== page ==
282As a rule of thumb use encrypted swap to protect your data while your
283system is shut down or suspended. Additionally use the encrypted
284suspend image to prevent sensitive data from being stolen after
287Q: Can I suspend to a swap file?
289A: Generally, yes, you can. However, it requires you to use the "resume=" and
290"resume_offset=" kernel command line parameters, so the resume from a swap file
291cannot be initiated from an initrd or initramfs image. See
292swsusp-and-swap-files.txt for details.
294Q: Is there a maximum system RAM size that is supported by swsusp?
296A: It should work okay with highmem.
298Q: Does swsusp (to disk) use only one swap partition or can it use
299multiple swap partitions (aggregate them into one logical space)?
301A: Only one swap partition, sorry.
303Q: If my application(s) causes lots of memory & swap space to be used
304(over half of the total system RAM), is it correct that it is likely
305to be useless to try to suspend to disk while that app is running?
307A: No, it should work okay, as long as your app does not mlock()
308it. Just prepare big enough swap partition.
310Q: What information is useful for debugging suspend-to-disk problems?
312A: Well, last messages on the screen are always useful. If something
313is broken, it is usually some kernel driver, therefore trying with as
314little as possible modules loaded helps a lot. I also prefer people to
315suspend from console, preferably without X running. Booting with
316init=/bin/bash, then swapon and starting suspend sequence manually
317usually does the trick. Then it is good idea to try with latest
318vanilla kernel.
320Q: How can distributions ship a swsusp-supporting kernel with modular
321disk drivers (especially SATA)?
323A: Well, it can be done, load the drivers, then do echo into
324/sys/power/disk/resume file from initrd. Be sure not to mount
325anything, not even read-only mount, or you are going to lose your
328Q: How do I make suspend more verbose?
330A: If you want to see any non-error kernel messages on the virtual
331terminal the kernel switches to during suspend, you have to set the
332kernel console loglevel to at least 4 (KERN_WARNING), for example by
335    # save the old loglevel
336    read LOGLEVEL DUMMY < /proc/sys/kernel/printk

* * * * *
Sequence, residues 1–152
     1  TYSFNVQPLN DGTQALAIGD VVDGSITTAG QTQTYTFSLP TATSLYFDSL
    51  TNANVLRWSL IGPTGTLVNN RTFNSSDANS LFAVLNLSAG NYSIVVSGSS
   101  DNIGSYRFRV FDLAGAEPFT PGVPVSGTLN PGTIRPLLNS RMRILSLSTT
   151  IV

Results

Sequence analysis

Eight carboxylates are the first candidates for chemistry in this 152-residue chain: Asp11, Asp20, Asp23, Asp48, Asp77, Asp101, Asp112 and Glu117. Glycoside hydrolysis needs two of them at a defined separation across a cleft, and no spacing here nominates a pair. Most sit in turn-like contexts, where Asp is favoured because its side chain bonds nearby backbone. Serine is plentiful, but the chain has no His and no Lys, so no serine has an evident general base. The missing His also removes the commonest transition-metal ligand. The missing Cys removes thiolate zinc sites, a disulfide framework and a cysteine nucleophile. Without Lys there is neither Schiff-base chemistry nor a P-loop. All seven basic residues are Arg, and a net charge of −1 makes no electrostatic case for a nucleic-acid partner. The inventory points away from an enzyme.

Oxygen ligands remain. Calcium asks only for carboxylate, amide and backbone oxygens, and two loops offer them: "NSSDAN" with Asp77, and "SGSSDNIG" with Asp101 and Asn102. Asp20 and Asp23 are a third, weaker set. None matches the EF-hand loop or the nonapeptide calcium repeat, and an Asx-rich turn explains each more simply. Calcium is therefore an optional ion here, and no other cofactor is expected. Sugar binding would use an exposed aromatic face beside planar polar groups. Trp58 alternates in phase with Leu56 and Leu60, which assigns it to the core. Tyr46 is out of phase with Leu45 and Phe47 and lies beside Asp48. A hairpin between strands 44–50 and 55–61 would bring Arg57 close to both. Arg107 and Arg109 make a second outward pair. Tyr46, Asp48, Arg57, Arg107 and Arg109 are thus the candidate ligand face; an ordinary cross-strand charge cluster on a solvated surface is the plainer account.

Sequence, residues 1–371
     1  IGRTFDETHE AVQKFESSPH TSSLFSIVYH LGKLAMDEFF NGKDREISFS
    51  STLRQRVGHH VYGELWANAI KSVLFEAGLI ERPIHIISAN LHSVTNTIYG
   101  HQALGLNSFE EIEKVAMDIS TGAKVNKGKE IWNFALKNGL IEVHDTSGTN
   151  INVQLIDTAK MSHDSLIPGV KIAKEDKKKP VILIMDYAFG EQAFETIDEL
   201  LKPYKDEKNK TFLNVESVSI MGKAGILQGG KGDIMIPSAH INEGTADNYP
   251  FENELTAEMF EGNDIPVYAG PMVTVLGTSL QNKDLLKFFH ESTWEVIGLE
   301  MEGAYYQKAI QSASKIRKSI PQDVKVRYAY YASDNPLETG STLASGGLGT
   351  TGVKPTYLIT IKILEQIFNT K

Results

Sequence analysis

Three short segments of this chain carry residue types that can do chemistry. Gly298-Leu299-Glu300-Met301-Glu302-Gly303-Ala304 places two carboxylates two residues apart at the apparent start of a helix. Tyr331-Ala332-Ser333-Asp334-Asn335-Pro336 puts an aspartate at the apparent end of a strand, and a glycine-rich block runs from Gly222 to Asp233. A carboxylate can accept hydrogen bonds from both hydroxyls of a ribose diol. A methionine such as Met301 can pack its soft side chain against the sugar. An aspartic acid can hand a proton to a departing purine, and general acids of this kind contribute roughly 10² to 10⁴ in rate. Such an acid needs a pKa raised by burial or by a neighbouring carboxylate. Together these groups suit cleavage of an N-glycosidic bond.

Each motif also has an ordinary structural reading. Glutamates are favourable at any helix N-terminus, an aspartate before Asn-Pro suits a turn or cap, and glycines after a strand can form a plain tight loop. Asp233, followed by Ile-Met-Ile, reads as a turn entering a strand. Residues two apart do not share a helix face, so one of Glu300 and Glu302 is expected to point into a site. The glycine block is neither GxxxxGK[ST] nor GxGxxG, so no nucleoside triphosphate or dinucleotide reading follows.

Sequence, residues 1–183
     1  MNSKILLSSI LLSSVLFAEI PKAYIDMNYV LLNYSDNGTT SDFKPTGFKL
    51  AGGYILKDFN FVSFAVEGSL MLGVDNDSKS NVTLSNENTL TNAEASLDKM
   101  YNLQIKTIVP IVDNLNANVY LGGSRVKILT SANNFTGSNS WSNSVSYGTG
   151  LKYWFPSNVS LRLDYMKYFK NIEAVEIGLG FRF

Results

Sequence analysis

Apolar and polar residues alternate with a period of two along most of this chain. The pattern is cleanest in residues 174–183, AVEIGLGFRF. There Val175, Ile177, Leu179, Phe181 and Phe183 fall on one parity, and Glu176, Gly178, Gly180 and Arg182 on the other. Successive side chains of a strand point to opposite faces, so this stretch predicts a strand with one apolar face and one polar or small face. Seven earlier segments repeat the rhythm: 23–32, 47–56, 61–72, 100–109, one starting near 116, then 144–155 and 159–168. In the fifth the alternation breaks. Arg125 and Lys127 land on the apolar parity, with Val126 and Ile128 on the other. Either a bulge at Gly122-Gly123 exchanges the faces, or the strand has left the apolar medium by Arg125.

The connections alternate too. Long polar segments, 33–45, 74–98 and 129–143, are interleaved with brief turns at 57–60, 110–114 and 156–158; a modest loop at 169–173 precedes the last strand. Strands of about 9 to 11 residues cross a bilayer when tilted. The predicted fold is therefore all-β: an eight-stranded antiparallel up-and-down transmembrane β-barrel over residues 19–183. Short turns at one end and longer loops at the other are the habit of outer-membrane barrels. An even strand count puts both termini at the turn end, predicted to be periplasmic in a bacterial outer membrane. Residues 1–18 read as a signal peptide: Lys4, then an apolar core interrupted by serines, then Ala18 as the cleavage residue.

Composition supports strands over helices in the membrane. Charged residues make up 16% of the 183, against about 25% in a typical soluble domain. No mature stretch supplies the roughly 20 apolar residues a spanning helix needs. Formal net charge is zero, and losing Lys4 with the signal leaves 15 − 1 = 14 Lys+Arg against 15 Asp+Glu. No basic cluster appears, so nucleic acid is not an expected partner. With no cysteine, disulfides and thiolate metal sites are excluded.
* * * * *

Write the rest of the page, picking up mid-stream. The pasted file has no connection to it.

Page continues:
337    # set the loglevel so we see the progress bar.
338    # if the level is higher than needed, we leave it alone.
339    if [ $LOGLEVEL -lt 5 ]; then
340            echo 5 > /proc/sys/kernel/printk
341        fi
343        IMG_SZ=0
344        read IMG_SZ < /sys/power/image_size
345        echo -n disk > /sys/power/state
346        RET=$?
347        #
348        # the logic here is:
349        # if image_size > 0 (without kernel support, IMG_SZ will be zero),
350        # then try again with image_size set to zero.
351    if [ $RET -ne 0 -a $IMG_SZ -ne 0 ]; then # try again with minimal image size
352                echo 0 > /sys/power/image_size
353                echo -n disk > /sys/power/state
354                RET=$?
355        fi
357    # restore previous loglevel
358    echo $LOGLEVEL > /proc/sys/kernel/printk
359    exit $RET
361Q: Is this true that if I have a mounted filesystem on a USB device and
362I suspend to disk, I can lose data unless the filesystem has been mounted
363with "sync"?
365A: That's right ... if you disconnect that device, you may lose data.
366In fact, even with "-o sync" you can lose data if your programs have
367information in buffers they haven't written out to a disk you disconnect,
368or if you disconnect before the device finished saving data you wrote.
370Software suspend normally powers down USB controllers, which is equivalent
371to disconnecting all USB devices attached to your system.
373Your system might well support low-power modes for its USB controllers
374while the system is asleep, maintaining the connection, using true sleep
375modes like "suspend-to-RAM" or "standby". (Don't write "disk" to the
376/sys/power/state file; write "standby" or "mem".) We've not seen any
377hardware that can use these modes through software suspend, although in
378theory some systems might support "platform" modes that won't break the
379USB connections.
381Remember that it's always a bad idea to unplug a disk drive containing a
382mounted filesystem. That's true even when your system is asleep! The
383safest thing is to unmount all filesystems on removable media (such USB,
384Firewire, CompactFlash, MMC, external SATA, or even IDE hotplug bays)
385before suspending; then remount them after resuming.
387There is a work-around for this problem. For more information, see
390Q: Can I suspend-to-disk using a swap partition under LVM?
392A: No. You can suspend successfully, but you'll not be able to
393resume. uswsusp should be able to work with LVM. See
395Q: I upgraded the kernel from 2.6.15 to 2.6.16. Both kernels were
396compiled with the similar configuration files. Anyway I found that
397suspend to disk (and resume) is much slower on 2.6.16 compared to
3982.6.15. Any idea for why that might happen or how can I speed it up?
400A: This is because the size of the suspend image is now greater than
401for 2.6.15 (by saving more data we can get more responsive system
402after resume).
404There's the /sys/power/image_size knob that controls the size of the
405image. If you set it to 0 (eg. by echo 0 > /sys/power/image_size as
406root), the 2.6.15 behavior should be restored. If it is still too
407slow, take a look at -- userland suspend is faster and
408supports LZF compression to speed it up further.